Exposure to ‘everyday chemical’ associated with higher incidence of childhood cancer: study

Researchers have linked a common chemical to higher incidence of specific childhood cancers including lymphoma, in a study that looked at nearly 1.3 million children.

Pthalates, a group of chemicals that are part of what makes plastic durable, are so common in our manmade products that they are sometimes called the “everyday chemical”.

But apart from being used in countless consumer goods, they can also be used in medications as an inactive ingredient that aids with delayed or extended drug release. This results in a higher exposure to phthalates than the background exposure that comes from handling plastic in day to day life.

A study published in the Journal of the National Cancer Institute in February, which researchers say is the first of its kind, focused on childhood exposure to phthalates through medication.

Researchers looked at records on all live births in Denmark between 1997 and 2017, and found that out of 1.27 million children, 2,027 had later been diagnosed with a childhood cancer.

The study then looked at whether phthalate exposure through medication during the gestational and childhood period was associated in any way with the incidence of cancer among these 2,027 children.

What they found was that while the use of medication with phthalates during the gestational period appeared to have no impact, childhood exposure to phthalates through medication was associated with a 20 per cent higher rate of childhood cancer overall.

“These results add to a growing body of evidence suggesting that these ubiquitous chemicals have a negative impact on human health,” Thomas Ahern, an associate professor at the University of Vermont’s Larner College of Medicine and lead investigator of the study, said in a press release.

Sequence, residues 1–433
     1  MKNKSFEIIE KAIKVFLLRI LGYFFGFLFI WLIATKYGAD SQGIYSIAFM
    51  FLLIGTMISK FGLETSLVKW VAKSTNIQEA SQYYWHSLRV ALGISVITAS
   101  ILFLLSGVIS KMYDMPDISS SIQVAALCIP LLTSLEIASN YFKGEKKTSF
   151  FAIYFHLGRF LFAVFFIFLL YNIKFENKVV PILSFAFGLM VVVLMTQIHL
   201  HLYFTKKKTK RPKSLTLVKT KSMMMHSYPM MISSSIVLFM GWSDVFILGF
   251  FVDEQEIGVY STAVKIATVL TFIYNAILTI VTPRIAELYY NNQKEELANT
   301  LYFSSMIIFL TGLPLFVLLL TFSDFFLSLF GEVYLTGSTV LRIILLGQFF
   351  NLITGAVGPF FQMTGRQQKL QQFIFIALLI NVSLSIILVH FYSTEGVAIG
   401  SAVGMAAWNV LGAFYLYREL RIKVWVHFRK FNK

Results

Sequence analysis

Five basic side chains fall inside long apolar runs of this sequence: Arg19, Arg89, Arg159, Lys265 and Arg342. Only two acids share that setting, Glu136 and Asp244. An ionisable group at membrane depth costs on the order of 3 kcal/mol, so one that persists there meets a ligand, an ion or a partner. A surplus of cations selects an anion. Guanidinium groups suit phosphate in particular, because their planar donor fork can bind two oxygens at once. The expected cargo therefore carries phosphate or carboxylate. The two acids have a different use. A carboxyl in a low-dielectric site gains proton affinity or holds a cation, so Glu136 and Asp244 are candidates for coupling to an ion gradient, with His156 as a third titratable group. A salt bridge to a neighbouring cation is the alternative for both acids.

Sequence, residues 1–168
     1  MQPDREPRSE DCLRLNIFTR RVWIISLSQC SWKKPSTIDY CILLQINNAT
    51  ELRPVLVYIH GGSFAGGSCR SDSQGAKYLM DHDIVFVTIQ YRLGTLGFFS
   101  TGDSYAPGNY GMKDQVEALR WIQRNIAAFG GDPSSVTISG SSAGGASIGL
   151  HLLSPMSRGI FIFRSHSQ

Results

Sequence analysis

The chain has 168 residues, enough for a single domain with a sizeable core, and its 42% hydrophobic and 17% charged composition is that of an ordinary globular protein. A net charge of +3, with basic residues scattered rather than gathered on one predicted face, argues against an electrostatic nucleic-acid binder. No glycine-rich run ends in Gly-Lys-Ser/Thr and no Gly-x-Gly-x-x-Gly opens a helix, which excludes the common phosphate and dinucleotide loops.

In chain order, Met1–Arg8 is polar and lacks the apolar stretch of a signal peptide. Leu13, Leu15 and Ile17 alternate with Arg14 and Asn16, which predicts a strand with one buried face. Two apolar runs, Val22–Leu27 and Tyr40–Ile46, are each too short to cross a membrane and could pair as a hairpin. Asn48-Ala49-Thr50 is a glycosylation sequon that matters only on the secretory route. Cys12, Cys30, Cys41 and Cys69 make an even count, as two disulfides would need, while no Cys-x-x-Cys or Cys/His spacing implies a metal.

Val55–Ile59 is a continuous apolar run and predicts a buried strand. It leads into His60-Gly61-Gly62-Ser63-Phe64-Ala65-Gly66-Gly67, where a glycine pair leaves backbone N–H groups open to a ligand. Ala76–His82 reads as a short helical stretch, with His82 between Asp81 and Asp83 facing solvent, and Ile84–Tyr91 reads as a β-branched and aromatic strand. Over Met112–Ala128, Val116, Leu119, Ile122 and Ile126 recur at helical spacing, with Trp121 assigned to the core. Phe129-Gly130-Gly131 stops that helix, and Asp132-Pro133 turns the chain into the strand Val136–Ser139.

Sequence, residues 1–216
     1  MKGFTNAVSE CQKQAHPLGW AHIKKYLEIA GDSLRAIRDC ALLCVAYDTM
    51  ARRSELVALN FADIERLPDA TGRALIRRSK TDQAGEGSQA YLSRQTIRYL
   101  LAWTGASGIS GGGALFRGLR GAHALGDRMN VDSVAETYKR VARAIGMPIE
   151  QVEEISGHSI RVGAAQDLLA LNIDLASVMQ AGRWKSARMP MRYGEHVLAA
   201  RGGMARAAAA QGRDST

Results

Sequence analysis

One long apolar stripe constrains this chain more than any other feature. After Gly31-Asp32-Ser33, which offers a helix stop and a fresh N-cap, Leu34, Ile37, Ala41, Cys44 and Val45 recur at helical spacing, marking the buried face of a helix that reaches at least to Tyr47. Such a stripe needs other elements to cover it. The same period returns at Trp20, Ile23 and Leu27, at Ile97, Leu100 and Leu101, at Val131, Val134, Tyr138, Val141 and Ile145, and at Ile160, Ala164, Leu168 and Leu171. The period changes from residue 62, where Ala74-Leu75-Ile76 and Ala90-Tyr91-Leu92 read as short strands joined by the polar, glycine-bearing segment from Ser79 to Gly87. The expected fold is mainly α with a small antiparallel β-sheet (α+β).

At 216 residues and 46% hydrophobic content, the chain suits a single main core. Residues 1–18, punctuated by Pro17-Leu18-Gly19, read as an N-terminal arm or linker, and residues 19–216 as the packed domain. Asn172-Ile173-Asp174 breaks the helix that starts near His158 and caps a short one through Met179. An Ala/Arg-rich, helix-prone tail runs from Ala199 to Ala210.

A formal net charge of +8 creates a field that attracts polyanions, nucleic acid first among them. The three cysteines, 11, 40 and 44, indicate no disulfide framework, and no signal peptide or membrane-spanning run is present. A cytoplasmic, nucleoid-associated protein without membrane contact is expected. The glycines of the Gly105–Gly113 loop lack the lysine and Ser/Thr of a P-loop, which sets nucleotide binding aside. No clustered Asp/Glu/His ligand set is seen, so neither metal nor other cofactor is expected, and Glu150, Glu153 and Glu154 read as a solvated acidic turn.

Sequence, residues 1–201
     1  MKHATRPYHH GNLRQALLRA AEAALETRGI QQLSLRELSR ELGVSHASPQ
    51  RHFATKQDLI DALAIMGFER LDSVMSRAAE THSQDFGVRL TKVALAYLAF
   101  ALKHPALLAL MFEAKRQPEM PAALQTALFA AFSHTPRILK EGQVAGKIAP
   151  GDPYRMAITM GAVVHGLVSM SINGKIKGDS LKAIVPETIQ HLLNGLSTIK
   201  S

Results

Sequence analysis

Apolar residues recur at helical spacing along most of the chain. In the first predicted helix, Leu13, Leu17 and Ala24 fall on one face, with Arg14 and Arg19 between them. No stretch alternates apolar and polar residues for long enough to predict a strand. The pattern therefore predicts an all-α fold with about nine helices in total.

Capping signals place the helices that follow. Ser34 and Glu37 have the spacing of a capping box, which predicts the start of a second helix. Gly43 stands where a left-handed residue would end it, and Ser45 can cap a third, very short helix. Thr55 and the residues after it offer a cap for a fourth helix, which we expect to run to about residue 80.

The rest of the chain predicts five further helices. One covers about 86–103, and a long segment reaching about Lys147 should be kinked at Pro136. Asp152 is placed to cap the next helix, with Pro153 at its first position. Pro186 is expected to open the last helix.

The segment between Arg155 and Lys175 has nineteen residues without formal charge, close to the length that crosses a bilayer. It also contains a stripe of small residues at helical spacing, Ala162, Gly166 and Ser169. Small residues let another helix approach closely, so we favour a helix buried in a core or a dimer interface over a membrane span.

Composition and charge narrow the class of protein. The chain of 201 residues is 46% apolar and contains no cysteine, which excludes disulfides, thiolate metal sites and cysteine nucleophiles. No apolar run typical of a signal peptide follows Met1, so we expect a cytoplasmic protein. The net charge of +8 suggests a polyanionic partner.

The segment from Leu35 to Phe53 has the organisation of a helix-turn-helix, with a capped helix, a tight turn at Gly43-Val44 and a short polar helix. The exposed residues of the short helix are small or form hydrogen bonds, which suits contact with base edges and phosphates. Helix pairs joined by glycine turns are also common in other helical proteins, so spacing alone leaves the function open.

“Our study characterized phthalate exposure based on prescription fills for phthalate-containing medications. While such exposures are typically much higher magnitude than what we would call ‘background’ environmental exposure, our findings warrant concern.”

There were two specific cancers that seemed to be associated with the phthalate exposure, the study found. The rates of osteosarcoma diagnosis in children before the age of 19 were three times higher when phthalate exposure was present, and the incidence of lymphoma diagnosis doubled.

Osteosarcoma is a bone cancer that most often affects children. Although prognosis differs depending on numerous factors, according to Cancer Research UK, around 40 per cent of people survive the cancer for five or more years after diagnosis.

Lymphoma is a cancer of the blood, and while it has a higher survival rate than some other cancers, depending on whether it is Hodgkin or non-Hodgkins lymphoma, it can lead to more complication further down the line for patients.

Researchers did not find an association between phthalate exposure and incidence of Burkitt lymphoma, a rarer form of non-Hodgkin lymphoma.

Frances Carr, a University of Vermont Larner College of Medicine professor and American Association for the Advancement of Science fellow, stated in the release that part of this could be connected to the growing understanding that phthalates are endocrine interrupters that can interfere with the hormonal systems and potentially disrupt thyroid function.

“Although more studies are needed, exposure to phthalates has been linked to thyroid, breast, and other solid tumors,” Carr, who was not involved in the study itself, stated. “Phthalates, like other plasticizers such as bisphenol A (BPA), are ubiquitous in the environment; age of exposure, as well as chronic low dose exposures, are significant risk factors for adverse health effects.”

Researchers said that more studies are necessary to identify why phthalates might be associated with increased cancer incidence, and what mechanisms could be driving this in order to cut down on risk.

“While no direct correlation has been made between phthalates in our region and increased cancer risk, this study highlights the importance of environmental exposures and their relationship to cancer risk,” Randall Holcombe, University of Vermont Cancer Center director, said in the release.

“Ultimately, research like this will lead to a better understanding of how to mitigate the risks of environmental phthalates.” 

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